When teachers, theorists, and pundits analyze America’s educational system, they usually focus on urban centers, but rural school systems make up more than half of the nation’s operating school districts, according to the National Center for Education Statistics. Like many of their urban peers, children there fight to overcome scant funding, generational poverty, rampant malnutrition, and limited job prospects.
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Compared to students in urban or suburban schools, students in rural areas and small towns are less likely to attend college. Part of this is because of financial concerns. In Fentress County, close to 40 percent of children live in poverty.
The further details about Fentress County's economic and educational landscape are similarly sobering:
Another reason for their low college-attendance rates is that rural students come from places where higher education traditionally hasn’t been of much use. Previous generations could find good jobs in factories or agriculture, which is part of the reason why in Fentress County only 58 percent of adults have a high-school diploma. Just 8 percent have a bachelor’s degree—by some estimates, remove teachers from that calculation, and only 1 percent of adults have graduated college.
More demographic and economic information about Fentress County, population 17,855 and 98% white, is available here.
Even if urban folks are aware of the depth of rural poverty, especially in persistent poverty places like Fentress County (and in my experience very few are, at least not in my corner of the ivory tower), I find they rarely consider the other implications of rurality, like material spatiality. Martin explains:
Rural students in Fentress County and elsewhere also have limited opportunities to participate in extracurricular activities (another factor that boosts a kid’s chances of graduating from high school and attending college); many of them simply live too far away to stay after school for practice or club meetings. One bus from York drives over an hour-and-a-half and then drops off a handful of kids at a car, which takes them the rest of the way home.A friend of mine when I was growing up in rural Arkansas was in a similar situation. Before and after a long bus ride to or from school, her mother transported a station wagon full of kids up a mountain to their homes. This was always very memorable for me when I spent the night with her. I had the luxury of living just outside the county seat and so my regular journey to and from school was just a few miles each way. (See posts about the struggles of rural schools, including this one). I have also written (here and here) about the impact on college admissions of the limited extracurricular opportunities available to rural kids.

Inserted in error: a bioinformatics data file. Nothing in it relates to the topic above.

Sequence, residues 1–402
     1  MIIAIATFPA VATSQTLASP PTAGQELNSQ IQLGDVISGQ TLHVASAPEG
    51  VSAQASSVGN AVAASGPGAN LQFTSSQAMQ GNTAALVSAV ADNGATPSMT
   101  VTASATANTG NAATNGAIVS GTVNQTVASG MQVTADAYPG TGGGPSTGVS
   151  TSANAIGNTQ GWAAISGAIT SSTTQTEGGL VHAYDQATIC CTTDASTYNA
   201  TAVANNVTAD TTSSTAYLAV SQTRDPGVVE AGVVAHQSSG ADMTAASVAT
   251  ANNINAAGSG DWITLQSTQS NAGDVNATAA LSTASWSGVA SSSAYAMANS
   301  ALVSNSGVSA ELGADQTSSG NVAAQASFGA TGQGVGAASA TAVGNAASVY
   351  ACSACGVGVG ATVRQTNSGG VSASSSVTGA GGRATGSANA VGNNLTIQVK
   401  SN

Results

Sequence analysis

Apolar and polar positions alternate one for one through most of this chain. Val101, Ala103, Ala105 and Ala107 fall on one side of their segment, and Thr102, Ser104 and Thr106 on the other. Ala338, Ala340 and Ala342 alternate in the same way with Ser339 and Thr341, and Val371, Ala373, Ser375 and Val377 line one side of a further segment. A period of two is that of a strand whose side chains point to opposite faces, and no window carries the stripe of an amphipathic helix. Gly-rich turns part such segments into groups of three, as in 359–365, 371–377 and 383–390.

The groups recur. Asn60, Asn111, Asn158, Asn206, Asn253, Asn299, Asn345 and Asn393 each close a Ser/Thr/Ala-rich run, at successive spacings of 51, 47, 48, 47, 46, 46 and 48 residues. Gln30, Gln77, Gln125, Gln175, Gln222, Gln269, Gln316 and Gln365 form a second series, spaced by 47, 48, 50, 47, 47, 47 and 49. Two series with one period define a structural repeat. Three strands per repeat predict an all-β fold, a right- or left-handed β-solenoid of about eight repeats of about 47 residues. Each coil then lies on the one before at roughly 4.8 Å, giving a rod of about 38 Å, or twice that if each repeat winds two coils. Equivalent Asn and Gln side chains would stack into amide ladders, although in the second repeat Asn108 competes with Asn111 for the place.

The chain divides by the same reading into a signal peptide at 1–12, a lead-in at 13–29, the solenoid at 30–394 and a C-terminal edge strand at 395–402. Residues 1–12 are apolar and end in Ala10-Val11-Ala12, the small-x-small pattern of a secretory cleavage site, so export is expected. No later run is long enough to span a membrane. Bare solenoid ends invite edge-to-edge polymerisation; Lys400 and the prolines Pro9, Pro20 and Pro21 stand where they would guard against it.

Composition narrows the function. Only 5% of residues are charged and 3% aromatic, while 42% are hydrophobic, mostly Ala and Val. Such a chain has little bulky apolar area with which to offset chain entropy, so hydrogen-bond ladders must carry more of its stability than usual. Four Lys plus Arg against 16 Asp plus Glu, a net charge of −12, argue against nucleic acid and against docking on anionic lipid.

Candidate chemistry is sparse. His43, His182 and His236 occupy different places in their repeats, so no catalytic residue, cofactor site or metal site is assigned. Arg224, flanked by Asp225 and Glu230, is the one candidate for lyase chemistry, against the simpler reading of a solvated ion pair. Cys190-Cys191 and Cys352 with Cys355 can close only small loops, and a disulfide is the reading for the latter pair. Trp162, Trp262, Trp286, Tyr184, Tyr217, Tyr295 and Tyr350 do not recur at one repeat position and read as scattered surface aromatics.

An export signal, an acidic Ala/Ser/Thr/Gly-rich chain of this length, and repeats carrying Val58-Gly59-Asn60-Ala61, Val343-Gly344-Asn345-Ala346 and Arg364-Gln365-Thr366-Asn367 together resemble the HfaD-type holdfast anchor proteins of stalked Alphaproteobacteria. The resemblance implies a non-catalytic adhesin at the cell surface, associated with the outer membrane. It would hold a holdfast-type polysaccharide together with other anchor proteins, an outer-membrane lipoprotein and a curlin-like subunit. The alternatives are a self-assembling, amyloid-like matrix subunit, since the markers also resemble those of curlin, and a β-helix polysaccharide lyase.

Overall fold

I'm happy to see The Atlantic giving this issue attention. It also reminds me of earlier posts, including this one about Barbara Kingsolver's Flight Behavior, in which she describes the ethos at a rural Tennessee school.
I also found this description of a young man's daily commute from his home to the University of Tennessee, from a New York Times story about how corporate America's incursion into higher education services, including dining halls, is increasing the price of tertiary education. Here's the lede from that story:
Before his 35-mile commute through Appalachian hills to classes here at the University of Tennessee, Michael Miceli eats a gigantic breakfast. It is his way of getting through the day without spending money on a campus lunch.
Food deprivation is merely one trick Mr. Miceli uses to minimize his college debt, now creeping past $22,000. So the $300 bill he got from the university this semester — for food — sent him into a tailspin.
“I was in near panic at the thought of having to borrow more money,” said Mr. Miceli, 23, a linguistics major.And so the obstacles to higher education add up.
And that brings me back to The Atlantic story, which focuses on one public school in Fentress County: Alvin C. York Agricultural Institute. It's a novel institution in rural America in that it partners with a community college to offer a wider than usual (for rural schools) array of classes to "tiers" of students with different abilities. The story is well worth a read to learn more about York Institute and the challenges associated with rural education. Here's just a bit of history on the place:
The World War I hero Alvin C. York—who only had nine months of schooling—funded and built the institute because he wanted to prove Tennessee’s rural youth could accomplish anything given a proper education. In 1937, he donated the building, along with almost 400 acres, to the state. Its students have become politicians, business leaders, and educators. The astronaut Roger Crouch went there.More recently, however, the state has turned it over to Fentress County to fund.